In accordance with the chosen methodology and autoregressive specification of a process, we estimated switching model of the MSV(2)AR(3) type of the following form:




and: [S.sub.t] = 1,2.

The model in the specification (7), (8) assumes controlling the observable price process through non-observable stochastic process of state variable St, which is assumed to be a homogeneous Markov chain of two states and proper matrix of transition probabilities between the states. The Dit variable, similar to the previous AR(3) specification, is a 0-1 variable with the value of one equal for week with outlier and of zero for the remaining weeks of the sample.

The only parameters dependent on the regime are variances [[sigma].sup.1.sub.u1] and [[sigma].sup.1.sub.u2]. The estimation output is presented in Tables 4 and 5.

On the basis of Tables 4 and 5, we can state that the model represents properly the examined process. The estimates of all the parameters are statistically significant and the fit to the data is satisfactory (the value of the likelihood logarithm /Schwartz criterion increased/decreased if compared with the specification without switching in a residual variance). Residuals are homoscedastic, squared residuals do not show autocorrelation, but the ARCH effect seems to be still not encompassed.

The most important finding was, however, in the field of the research objective. As theoretical marker implied, the differentiation of the variability levels was proved. The estimated model clearly indicates a regime change in the variance, characterized by a significant persistence (the estimates of the transitions probabilities p11 and p22 are close to 1). In regime 1 the implied standard deviation equals 0.008704 and is clearly higher than in regime 2, where the implied standard deviation equals 0.003074. We can say that these values of state dependant parameters indicate, on average, a lower variability level in regime 2. The Constant expected duration of process in regime 1 equals 5.705 (about 6 weeks) and in regime 2 equals 10.098 (10 weeks).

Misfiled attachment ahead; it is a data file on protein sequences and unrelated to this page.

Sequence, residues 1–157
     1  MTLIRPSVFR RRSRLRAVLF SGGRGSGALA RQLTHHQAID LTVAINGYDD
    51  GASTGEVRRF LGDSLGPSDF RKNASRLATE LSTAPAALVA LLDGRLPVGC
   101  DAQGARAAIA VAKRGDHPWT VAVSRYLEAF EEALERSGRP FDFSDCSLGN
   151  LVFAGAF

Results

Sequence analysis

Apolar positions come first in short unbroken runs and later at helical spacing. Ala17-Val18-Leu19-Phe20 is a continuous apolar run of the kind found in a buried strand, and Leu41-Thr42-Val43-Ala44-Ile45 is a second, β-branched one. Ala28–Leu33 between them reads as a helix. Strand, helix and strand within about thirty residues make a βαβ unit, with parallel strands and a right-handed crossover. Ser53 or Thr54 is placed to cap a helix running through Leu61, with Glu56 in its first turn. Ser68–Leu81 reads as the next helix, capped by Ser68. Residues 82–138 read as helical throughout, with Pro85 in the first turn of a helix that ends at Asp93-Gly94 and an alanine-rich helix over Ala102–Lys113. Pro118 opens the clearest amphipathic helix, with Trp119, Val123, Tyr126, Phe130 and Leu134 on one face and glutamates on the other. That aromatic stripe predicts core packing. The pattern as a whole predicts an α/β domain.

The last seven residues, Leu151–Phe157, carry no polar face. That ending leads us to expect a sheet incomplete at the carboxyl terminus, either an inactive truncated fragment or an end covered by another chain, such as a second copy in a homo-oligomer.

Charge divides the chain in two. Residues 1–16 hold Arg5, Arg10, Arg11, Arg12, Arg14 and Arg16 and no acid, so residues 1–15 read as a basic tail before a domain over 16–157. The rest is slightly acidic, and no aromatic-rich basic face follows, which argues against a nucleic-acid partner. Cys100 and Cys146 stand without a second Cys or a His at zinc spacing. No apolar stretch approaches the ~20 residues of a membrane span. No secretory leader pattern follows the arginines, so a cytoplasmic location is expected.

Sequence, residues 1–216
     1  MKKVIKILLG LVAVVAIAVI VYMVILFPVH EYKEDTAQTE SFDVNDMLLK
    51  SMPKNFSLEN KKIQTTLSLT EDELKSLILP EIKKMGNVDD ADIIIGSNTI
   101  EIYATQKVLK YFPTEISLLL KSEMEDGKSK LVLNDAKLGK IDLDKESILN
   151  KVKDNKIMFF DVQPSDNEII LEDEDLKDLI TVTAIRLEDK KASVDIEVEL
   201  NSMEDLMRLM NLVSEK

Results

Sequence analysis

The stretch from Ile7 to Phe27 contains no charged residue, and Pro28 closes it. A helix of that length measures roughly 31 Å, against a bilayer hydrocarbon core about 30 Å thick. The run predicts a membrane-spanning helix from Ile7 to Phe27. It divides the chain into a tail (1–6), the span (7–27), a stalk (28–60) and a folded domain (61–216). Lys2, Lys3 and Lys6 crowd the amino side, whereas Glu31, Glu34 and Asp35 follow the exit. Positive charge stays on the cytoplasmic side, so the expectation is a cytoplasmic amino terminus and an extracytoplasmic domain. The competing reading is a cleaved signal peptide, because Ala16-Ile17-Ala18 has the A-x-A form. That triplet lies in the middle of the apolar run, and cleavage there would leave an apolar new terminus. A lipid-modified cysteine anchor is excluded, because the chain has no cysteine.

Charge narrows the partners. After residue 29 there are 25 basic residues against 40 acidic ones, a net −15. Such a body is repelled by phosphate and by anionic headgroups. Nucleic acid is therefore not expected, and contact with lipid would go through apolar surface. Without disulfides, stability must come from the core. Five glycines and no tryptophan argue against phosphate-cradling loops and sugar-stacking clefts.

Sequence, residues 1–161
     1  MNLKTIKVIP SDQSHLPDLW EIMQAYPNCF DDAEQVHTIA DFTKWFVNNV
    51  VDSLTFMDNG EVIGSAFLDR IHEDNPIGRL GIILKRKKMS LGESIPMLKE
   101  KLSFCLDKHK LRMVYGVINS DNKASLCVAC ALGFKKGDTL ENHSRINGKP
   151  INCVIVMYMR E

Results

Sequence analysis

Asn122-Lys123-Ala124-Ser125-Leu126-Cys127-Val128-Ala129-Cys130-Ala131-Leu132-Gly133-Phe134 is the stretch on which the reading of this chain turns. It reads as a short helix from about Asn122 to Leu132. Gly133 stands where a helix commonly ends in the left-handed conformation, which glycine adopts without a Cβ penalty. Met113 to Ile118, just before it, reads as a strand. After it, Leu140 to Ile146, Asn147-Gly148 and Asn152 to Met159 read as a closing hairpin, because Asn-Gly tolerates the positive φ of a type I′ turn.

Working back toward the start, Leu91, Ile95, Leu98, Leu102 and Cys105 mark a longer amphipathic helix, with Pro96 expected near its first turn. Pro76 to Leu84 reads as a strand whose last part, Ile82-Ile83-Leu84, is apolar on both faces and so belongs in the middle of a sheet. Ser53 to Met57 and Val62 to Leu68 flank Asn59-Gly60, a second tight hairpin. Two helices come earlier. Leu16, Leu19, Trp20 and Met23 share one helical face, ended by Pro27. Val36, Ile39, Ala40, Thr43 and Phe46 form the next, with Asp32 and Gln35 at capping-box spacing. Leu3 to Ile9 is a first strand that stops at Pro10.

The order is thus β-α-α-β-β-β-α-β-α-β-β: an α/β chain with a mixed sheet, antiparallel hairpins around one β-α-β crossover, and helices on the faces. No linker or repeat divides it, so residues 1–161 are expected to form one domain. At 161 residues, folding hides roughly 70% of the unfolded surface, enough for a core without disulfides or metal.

The most important question is whether the proposed model can serve as a fairly simple tool of detection of collusive behaviour phases. We suggest that could be done visually basing on smoothed probabilities graphs. Figure 5 contains a comparison of the filtered series pricechidxfilt and the smoothed probabilities for regimes 1 and 2 (i.e. conditional probabilities of the process is in state St, t=1, 2 while taking into account information from the entire sample).

Based on the estimation results and Figure 5, we can draw following conclusions. There were clearly two distinct regimes of variability of price. In a regime with low variability market it lasted on average

10 weeks, which means that was a more persistent mode. A visual inspection of Figure 5 could help in screening of an industry by pointing long periods in regime 1 of variability (competition phases) and pointing long periods in regime 2 (potential collusion). Such a preliminary assessment could be helpful in making a decision to further investigate a market.


In a case of studied industry some time periods could be pointed as potential collusive phases:

1. 1995--to third quarter of 1996 with one phase of potential break of a cartel at the beginning of 1996;

2. From the beginning of 1999--to the end of second quarter of 1999;

3. Almost whole 2000 year;

4. Whole 2003 year;

5. From the end of first quarter of 2004 to the beginning of fourth quarter that year;

6. From the third quarter of 2006 to the end of the research sample (a particularly stable period).

The phases of a clear breakdown of the cartel (the competition phase) can be dated:

I. from the middle of 1996 to the end of third quarter of 1997;

II. almost whole year 2001;

III. the first three quarters of the year 2006.

The remaining periods of the sample could not be defined decisively.

For reference purposes we use concept of Blanckenburg et al. (2012) and estimated kernel densities1 of two detected phases: cartel phase number 3 and competition phase number II. We estimated densities for both unfiltered and filtered series of price index. Figure 6 contains graphs of estimated densities.


We have two observations:

--As we could expect densities are statistically different (checked by KolmogorovSmirnov test) in a case of cartel and competition, prices are more "sticky" in cartel phase;

--There is a difference in density estimation of a competition phase depending on the elimination of cyclical component. We should be careful on that if we want to relay on such a test only.

A fundamental question in the context of research is whether the assumed collusion detection mechanism really works. We could perform an ex post verification, as some important information on the conducted anti-trust proceedings and certain facts on the activity of the industry were available. The most essential facts related to the functioning of the Indian cement industry, which could be helpful in the indication of collusive phases were as follow.

Basing on the decisions issued by the Indian Monopolies and Restrictive Trade Practices Commission1 it is evident that:

a) On 05 July, 2000 in Jabalpur a meeting of the players controlled then over 60% of the cement market took place where they took a concerted action to fix the cement prices artificially and also decided to control the quantity of cement flowing in the market by suspending production and dispatches either from dump or from factory to direct dealers for five days from 5th July to 9th July, 2000. In the said meeting it was further decided to hike the price of cement from 10.7.2000 to Rs. 107/- Rs. 109/- per bag, and arrangements concerning the establishment of the cement price and the supply level were made.